Many descriptions of the characters and their traits/personalities seemed rushed and out of place, as the author tries to incorporate different gender identities and sexualities without knowing how to incorporate the reveals into the storyline properly.
This book is a hot mess.
Kaa
This was a book with an amazing concept and really fantastic characters, but the execution needed work.

The author gets a lot of credit for a creative plot, interesting magical system, and a diverse, oh-so-queer, and very believable cast of characters. I adore imperfect protagonists, rebellions, complicated relationships, and people learning to work together, all of which are major features of Daybreak rising! I'm glad that this story exists, and I really wanted to love the book.

However, I wasn'
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Claudie Arseneault
Jan 07, 2016 rated it really liked it
Disclaimer: I received an early copy of this book in exchange for an honest review.

There's a LOT to be excited about in DAYBREAK RISING. First I'm always here for a rebels-overthrow-shitty-government story, and the unique spin of having a leader who already failed at exactly this task is icing on the cake. Second, Magic + Technology mixed together doesn't happen often enough, and I love it, and it is integrated in fascinating ways throughout Esonith. In short, the worldbuilding surrounding this
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Saruuh Kelsey
This book has more diversity than a QUILTBAG support group. But that isn't the only reason you should read it. Daybreak Rising combines a magical military (!!), fascinating relationships of both romantic and platonic nature, and a world that mixes familiar fantasy elements with modern technology. At it's heart this is a book about redemption, friendship, and self-forgiveness.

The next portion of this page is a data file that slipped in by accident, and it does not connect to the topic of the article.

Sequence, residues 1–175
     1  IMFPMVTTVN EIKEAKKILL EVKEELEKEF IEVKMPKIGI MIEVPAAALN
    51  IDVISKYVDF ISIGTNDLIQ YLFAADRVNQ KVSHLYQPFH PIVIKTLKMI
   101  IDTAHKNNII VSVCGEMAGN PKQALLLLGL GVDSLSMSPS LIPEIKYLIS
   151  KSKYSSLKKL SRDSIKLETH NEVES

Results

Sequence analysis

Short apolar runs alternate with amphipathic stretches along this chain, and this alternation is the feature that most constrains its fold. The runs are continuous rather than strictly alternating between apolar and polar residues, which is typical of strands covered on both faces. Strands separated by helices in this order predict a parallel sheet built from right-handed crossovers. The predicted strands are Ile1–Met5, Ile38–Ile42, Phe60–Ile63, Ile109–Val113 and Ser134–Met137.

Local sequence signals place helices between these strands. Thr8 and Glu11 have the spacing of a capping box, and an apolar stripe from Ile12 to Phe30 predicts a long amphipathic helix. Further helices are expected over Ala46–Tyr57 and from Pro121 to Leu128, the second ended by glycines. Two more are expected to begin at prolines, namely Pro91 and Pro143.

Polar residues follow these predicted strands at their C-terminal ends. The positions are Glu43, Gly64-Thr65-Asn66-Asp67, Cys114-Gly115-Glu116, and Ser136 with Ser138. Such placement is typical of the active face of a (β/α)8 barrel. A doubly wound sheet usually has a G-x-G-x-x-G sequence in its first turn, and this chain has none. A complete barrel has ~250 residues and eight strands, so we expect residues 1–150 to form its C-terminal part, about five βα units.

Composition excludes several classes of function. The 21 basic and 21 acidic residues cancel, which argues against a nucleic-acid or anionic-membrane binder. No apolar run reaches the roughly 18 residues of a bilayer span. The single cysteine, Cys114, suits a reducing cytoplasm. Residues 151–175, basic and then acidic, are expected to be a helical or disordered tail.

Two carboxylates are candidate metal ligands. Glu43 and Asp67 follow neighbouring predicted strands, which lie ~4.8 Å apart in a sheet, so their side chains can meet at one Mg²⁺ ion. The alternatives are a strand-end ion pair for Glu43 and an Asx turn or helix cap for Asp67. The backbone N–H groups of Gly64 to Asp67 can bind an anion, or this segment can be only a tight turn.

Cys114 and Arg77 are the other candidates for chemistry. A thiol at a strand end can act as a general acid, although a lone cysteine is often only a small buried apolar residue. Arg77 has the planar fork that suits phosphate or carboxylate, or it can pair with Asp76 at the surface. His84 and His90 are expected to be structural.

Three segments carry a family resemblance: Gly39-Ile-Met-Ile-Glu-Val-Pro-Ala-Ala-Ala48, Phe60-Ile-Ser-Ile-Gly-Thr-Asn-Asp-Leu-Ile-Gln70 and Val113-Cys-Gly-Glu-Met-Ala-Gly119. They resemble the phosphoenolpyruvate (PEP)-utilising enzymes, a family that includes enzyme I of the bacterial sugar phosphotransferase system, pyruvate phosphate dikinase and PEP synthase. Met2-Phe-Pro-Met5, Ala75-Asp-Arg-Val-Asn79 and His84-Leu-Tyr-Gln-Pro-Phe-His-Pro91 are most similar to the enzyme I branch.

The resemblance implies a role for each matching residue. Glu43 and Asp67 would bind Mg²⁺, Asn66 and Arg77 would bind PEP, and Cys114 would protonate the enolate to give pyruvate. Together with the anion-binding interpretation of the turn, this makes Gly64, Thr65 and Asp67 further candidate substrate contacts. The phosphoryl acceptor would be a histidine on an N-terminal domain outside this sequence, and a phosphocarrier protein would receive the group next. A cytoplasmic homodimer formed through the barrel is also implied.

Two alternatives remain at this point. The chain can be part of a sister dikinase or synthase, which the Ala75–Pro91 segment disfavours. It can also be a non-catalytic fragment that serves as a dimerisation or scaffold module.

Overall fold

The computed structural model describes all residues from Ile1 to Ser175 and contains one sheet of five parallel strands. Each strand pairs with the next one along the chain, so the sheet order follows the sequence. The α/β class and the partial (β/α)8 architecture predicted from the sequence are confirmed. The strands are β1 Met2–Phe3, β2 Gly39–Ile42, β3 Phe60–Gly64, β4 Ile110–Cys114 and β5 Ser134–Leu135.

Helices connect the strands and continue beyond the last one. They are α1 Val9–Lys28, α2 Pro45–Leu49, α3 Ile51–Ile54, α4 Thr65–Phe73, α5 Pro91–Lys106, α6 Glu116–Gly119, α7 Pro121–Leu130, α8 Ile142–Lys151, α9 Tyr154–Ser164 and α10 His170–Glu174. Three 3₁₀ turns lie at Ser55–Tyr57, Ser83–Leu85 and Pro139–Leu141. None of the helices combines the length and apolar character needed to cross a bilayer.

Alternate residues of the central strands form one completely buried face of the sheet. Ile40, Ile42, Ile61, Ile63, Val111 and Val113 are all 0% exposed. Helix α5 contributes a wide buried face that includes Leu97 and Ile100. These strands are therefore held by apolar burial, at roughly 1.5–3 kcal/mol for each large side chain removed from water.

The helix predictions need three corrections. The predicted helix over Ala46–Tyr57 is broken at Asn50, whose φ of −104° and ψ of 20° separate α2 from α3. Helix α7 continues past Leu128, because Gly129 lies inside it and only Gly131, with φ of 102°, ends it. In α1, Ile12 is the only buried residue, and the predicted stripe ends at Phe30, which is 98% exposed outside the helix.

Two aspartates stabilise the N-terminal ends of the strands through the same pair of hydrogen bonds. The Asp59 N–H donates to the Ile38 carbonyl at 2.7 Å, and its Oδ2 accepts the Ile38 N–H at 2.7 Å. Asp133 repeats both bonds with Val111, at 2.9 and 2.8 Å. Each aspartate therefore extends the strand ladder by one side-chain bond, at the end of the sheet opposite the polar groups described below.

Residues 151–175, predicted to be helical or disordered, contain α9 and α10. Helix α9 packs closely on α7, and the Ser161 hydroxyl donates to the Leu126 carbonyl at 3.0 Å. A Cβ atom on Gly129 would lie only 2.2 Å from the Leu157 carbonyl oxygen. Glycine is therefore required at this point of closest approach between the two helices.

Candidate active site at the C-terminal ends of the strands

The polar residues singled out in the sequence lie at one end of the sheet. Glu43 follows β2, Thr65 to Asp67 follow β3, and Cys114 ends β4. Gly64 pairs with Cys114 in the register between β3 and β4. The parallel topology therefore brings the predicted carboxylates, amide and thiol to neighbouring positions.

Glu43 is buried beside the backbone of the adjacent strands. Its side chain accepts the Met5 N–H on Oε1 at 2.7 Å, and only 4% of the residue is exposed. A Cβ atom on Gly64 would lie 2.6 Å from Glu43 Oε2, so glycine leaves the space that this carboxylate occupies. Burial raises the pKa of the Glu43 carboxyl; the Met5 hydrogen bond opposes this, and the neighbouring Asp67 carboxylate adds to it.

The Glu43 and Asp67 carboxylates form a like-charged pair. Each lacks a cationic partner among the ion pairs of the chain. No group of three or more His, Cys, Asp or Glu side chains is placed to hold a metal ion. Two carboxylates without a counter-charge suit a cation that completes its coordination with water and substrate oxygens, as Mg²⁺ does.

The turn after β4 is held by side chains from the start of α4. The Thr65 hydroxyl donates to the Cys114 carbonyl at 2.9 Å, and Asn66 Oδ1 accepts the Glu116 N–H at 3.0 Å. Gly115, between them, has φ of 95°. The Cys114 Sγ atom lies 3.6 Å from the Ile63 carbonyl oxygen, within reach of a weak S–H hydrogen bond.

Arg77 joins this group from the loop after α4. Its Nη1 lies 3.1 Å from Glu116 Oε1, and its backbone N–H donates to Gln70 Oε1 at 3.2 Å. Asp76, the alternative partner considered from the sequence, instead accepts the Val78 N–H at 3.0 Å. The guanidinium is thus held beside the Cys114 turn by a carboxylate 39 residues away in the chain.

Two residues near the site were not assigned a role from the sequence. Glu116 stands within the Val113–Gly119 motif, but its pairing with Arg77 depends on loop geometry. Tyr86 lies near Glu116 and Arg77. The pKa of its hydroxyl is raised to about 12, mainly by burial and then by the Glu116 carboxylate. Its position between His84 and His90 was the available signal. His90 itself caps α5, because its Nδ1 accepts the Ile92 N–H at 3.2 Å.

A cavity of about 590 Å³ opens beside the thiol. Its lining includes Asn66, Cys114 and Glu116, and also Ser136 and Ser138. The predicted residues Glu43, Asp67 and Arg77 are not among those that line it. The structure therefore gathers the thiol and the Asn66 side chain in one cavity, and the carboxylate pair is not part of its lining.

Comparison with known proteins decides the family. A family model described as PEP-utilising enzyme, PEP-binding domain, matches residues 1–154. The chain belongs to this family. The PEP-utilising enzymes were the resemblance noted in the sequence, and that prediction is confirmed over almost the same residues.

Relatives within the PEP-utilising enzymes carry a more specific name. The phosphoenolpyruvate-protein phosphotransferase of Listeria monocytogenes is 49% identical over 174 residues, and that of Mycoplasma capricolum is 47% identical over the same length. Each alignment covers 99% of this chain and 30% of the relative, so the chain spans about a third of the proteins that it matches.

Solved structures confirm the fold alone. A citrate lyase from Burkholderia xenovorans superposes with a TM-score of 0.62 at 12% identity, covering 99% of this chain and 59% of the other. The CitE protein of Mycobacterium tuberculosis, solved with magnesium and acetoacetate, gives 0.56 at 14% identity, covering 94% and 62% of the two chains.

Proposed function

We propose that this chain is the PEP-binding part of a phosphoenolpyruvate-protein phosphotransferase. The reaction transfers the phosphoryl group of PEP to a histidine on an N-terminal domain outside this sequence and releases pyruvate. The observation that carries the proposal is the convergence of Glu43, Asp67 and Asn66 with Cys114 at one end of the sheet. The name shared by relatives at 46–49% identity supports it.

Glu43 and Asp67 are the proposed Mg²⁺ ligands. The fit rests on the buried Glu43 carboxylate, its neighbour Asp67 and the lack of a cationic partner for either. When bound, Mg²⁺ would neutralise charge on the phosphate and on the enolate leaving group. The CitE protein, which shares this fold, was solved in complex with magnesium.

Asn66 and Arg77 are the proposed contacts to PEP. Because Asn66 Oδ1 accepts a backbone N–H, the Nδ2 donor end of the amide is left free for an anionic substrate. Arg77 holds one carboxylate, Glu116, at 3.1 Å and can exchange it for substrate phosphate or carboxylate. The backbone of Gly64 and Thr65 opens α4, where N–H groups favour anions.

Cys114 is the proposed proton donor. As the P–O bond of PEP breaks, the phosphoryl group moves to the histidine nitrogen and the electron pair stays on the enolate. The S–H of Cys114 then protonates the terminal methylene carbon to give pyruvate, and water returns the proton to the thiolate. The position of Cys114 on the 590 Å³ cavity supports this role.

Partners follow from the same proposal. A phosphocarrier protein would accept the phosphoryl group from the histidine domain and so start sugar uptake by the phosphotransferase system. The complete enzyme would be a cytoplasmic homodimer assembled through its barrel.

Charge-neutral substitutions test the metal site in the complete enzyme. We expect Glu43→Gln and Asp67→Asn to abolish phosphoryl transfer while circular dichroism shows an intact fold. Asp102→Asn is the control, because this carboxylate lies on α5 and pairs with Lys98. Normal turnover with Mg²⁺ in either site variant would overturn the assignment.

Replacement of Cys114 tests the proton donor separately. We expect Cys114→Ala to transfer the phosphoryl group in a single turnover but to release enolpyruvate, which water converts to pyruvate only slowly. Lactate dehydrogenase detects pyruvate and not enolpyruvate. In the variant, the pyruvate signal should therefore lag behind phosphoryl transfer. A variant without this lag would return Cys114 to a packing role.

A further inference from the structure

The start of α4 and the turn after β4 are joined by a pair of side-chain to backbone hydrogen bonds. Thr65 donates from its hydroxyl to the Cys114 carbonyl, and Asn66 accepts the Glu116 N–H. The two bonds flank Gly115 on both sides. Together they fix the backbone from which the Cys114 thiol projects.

The romance between Celosia and Ianthe is tender and progresses at a natural rate - a must for any fictional relationship
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Dorothy Dreyer
Feb 17, 2016 rated it really liked it
Daybreak Rising is a unique read filled with rich world-building, modern diversity, and a fresh take on political struggles. It gives a Red Queen vibe, in that it has magical abilities meshed in a world of technology, mixed with an Avatar: The Last Airbender/Legend of Korra feel. That in itself is a feat for a writer to pull off, but what mostly sets this book apart from the rest is the prism of detailed characterization of its diverse cast. You won't find your typical Mary Sues in this book. Yo ...more
Emma Adams
Mar 15, 2016 rated it really liked it
Daybreak Rising is the first in a new adult fantasy series which puts a totally new spin on fantasy tropes and themes.

Firstly, I absolutely loved the magic system. The combination of magic and technology is a unique one I've never seen before, because so many secondary world fantasies are set in medieval-style worlds. The author has clearly put a lot of effort into considering the smallest details and consequences of the different abilities. I also appreciated the depth of detail in the fantasy
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Reviews May Vary
Ok ok ok.
So, I got a free copy of this book from the author because I beg strangers for things on the internet. And, yay, they said yes!

As we all know I hate reading non finished versions because of the basic writing/ formatting errors that punch me in my eyeballs. So, I'm not going to mention those here... :x

This is the story of Celosia who would really do anything to live down her failure in a mission a bunch of years ago... It's not really her failure, IMO, but she's been the one handed the b
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Sarah
Jun 12, 2017 rated it really liked it
This book started out a bit slow and confusing, but stick with it - it really picks up in the second half. The story is unique and interesting and I can't wait for the next book in the series.
Harmony Williams
Feb 16, 2016 rated it really liked it
Shelves: digital-to-buy